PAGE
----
Microsoft’s acquisition of Activision Blizzard, the largest in video game history, has been granted approval by European Union regulators, just weeks after the acquisition faced opposition from the UK’s Competition and Markets Authority (CMA). The European Commission’s investigation into the deal determined that Microsoft had “no incentive” to refuse the distribution of Activision’s games to Sony, its rival in the console space, and even if it did decide to do so, it “would not significantly harm competition in the consoles market.”

However, the Commission did suggest that Microsoft could impede competition in the “distribution of games via cloud game streaming services” and that its position in the PC operating system market would be strengthened. To address these concerns, Microsoft committed to a ten-year agreement, which includes providing a free license to consumers in the EEA for streaming Activision Blizzard PC and console games via any cloud game streaming services of their choice, and a corresponding free license for cloud game streaming service providers to enable EEA-based gamers to stream any Activision Blizzard’s PC and console games.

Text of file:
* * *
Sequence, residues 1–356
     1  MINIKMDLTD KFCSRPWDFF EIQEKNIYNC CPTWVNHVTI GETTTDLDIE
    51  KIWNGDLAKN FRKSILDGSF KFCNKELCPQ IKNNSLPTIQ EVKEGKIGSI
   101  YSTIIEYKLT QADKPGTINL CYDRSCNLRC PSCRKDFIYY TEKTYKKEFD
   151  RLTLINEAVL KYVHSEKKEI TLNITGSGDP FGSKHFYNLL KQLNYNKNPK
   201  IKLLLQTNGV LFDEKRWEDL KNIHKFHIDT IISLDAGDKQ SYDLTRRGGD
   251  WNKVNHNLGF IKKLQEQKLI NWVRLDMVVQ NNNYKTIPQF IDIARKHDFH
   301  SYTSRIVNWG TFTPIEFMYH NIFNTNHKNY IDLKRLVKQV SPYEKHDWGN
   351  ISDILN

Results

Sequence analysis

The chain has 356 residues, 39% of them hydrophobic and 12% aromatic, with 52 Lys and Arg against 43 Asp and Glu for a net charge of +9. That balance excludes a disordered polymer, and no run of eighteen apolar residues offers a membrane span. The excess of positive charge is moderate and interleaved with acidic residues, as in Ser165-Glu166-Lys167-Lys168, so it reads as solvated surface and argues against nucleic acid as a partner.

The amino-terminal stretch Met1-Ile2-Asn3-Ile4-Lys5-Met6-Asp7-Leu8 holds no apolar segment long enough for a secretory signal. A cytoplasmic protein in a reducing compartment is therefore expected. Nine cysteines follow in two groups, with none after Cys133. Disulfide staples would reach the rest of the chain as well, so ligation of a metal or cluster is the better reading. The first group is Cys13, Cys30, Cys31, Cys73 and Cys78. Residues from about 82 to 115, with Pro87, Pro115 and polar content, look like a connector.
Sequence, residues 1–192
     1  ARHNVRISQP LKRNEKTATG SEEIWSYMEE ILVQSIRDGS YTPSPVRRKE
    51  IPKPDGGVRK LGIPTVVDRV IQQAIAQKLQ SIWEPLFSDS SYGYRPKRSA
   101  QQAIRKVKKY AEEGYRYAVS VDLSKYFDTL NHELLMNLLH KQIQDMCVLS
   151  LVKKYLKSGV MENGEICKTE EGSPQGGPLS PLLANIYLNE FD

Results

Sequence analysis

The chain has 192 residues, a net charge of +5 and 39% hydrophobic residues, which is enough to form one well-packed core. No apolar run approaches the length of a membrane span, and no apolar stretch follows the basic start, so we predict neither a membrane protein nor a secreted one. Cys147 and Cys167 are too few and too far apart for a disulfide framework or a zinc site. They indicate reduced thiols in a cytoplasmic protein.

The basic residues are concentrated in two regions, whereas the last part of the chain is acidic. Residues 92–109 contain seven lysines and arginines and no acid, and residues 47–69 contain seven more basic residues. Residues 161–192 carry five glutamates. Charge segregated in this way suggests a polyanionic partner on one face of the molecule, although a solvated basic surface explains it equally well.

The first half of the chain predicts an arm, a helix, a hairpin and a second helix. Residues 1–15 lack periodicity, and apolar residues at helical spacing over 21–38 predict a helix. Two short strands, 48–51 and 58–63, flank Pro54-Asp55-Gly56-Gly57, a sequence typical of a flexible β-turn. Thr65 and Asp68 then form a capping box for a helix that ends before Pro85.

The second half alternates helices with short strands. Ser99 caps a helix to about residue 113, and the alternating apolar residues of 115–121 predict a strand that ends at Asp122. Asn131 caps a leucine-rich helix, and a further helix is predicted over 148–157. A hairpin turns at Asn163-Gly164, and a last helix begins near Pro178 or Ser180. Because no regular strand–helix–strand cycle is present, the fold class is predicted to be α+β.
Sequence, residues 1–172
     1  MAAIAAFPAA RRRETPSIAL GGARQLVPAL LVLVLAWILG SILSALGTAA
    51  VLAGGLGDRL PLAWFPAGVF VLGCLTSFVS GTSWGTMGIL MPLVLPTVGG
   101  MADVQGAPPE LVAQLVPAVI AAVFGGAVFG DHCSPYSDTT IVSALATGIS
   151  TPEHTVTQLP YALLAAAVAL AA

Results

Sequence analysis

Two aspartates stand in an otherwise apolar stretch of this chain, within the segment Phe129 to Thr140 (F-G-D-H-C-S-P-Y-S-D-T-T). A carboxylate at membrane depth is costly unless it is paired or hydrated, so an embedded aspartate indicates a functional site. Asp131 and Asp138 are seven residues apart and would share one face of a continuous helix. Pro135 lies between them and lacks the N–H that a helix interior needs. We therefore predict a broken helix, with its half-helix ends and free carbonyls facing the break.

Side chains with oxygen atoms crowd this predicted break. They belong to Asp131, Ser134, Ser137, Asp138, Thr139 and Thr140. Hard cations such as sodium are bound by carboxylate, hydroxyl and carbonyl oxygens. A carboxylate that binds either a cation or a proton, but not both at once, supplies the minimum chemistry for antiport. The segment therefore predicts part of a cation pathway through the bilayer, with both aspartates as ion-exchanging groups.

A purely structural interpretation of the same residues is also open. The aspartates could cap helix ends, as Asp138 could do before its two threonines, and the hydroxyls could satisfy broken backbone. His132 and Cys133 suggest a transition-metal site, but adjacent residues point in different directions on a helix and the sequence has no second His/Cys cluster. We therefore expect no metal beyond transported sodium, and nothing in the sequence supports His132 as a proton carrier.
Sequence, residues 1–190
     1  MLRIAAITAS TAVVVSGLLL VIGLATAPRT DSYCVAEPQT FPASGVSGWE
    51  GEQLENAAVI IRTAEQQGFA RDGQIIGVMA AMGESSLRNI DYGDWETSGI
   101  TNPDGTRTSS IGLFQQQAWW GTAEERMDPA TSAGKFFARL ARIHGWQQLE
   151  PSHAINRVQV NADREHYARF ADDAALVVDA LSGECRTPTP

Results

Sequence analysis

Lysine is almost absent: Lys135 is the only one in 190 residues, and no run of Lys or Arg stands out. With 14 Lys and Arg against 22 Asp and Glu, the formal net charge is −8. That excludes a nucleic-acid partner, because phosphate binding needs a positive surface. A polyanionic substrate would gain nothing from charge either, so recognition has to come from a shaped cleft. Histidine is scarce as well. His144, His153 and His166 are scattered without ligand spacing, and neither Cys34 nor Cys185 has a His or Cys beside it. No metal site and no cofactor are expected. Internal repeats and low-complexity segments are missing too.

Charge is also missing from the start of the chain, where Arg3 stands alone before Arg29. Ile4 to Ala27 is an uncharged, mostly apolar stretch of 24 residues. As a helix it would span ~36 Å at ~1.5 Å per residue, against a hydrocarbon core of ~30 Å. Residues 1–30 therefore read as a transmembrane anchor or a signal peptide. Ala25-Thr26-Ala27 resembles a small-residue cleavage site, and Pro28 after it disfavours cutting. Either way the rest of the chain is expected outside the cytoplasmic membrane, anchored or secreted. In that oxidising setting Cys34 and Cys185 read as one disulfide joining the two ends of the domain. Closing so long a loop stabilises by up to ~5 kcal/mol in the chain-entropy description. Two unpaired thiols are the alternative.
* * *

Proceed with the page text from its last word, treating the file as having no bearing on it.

According to Margrethe Vestager, Executive Vice-President in charge of competition policy, these commitments do not only fully address the competition concerns, but also represent a significant improvement for cloud game streaming compared to the current situation. “Our decision represents an important step in this direction, by bringing Activicon Blizzard’s popular games to many more devices and consumers than before, thanks to cloud game streaming,” said Vestager.

Despite the positive response from European regulators, the UK’s CMA remains steadfast in its opposition to the deal. Last month, it implied that the combined force of Microsoft and Activision Blizzard could dominate and limit competition within the growing cloud gaming market. The CMA tweeted a response to the Commission’s decision, saying that Microsoft’s proposals would allow the company to set the terms and conditions for the market for the next 10 years, thus replacing a free, open, and competitive market with one subject to ongoing regulation.

The deal has also been met with resistance from US regulators, with the Federal Trade Commission stating its intention to block the acquisition, citing concerns that it would enable Microsoft to suppress competitors to its Xbox gaming consoles and rapidly expanding subscription content and cloud-gaming business. A hearing scheduled for August will reveal the final US regulatory position.

Should regulators in different countries reach opposing conclusions, it is unclear what the next steps will be. It is likely that there will be numerous appeals, legal maneuvering, and public statements from both sides as countries around the world make their decisions.